Commercial aircraft flying at supersonic speeds in the lower stratosphere are being discussed once again after a hiatus of almost 20 years. Potential environmental effects from fleets of such aircraft need to be understood for their possible impacts on stratospheric ozone; levels of stratospheric ozone determine the amount of biologically harmful ultraviolet radiation from the Sun reaching the Earth's surface. Changes in the distribution and concentrations of ozone also have implications on climate. This study evaluates the potential impact on stratospheric ozone and on climate forcing from different levels of nitrogen oxides (NOx) and water vapor (H2O) emissions from supersonic transport. Toward establishing a baseline relative to prior studies, we also compare these new analyses with results from the 1999 aviation assessments, using the same aviation emissions. Despite the understanding of atmospheric processes used in studying chemistry-climate interactions have been greatly enhanced over the last 20 years, this study finds that, for the baseline scenario, the resulting effects on stratospheric ozone are similar to those from many of the models in the prior assessment, although with a stronger ozone sensitivity to NOx emissions. We show that the resulting ozone effects largely depend on the NOx and H2O emission levels and the net changes in stratospheric ozone are determined by the chemical interactions between different ozone production and depletion cycles. We also calculate the radiative forcing impact for the resulting changes in the distributions of ozone and H2O, and confirm that stratospheric H2O emissions are an important factor in potential climate impacts from supersonic aircraft emissions.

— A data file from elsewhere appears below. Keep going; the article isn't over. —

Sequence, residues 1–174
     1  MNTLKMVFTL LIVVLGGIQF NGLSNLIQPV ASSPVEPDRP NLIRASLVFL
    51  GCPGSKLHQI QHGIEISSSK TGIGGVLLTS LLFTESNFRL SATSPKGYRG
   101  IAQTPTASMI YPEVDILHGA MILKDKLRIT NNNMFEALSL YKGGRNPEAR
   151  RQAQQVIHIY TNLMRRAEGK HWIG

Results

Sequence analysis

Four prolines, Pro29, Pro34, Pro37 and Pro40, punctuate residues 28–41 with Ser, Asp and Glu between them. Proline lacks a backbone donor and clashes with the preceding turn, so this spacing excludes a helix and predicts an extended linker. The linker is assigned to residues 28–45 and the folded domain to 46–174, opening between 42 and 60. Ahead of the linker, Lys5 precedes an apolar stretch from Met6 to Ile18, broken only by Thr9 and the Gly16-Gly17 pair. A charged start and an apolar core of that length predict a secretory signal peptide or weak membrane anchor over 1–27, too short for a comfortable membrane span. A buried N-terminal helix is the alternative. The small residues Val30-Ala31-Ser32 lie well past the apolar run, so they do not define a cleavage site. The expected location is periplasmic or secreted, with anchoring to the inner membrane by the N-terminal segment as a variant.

- supersonic aircraft
ASJC Scopus subject areas
- Atmospheric Science
- Earth and Planetary Sciences (miscellaneous)
- Space and Planetary Science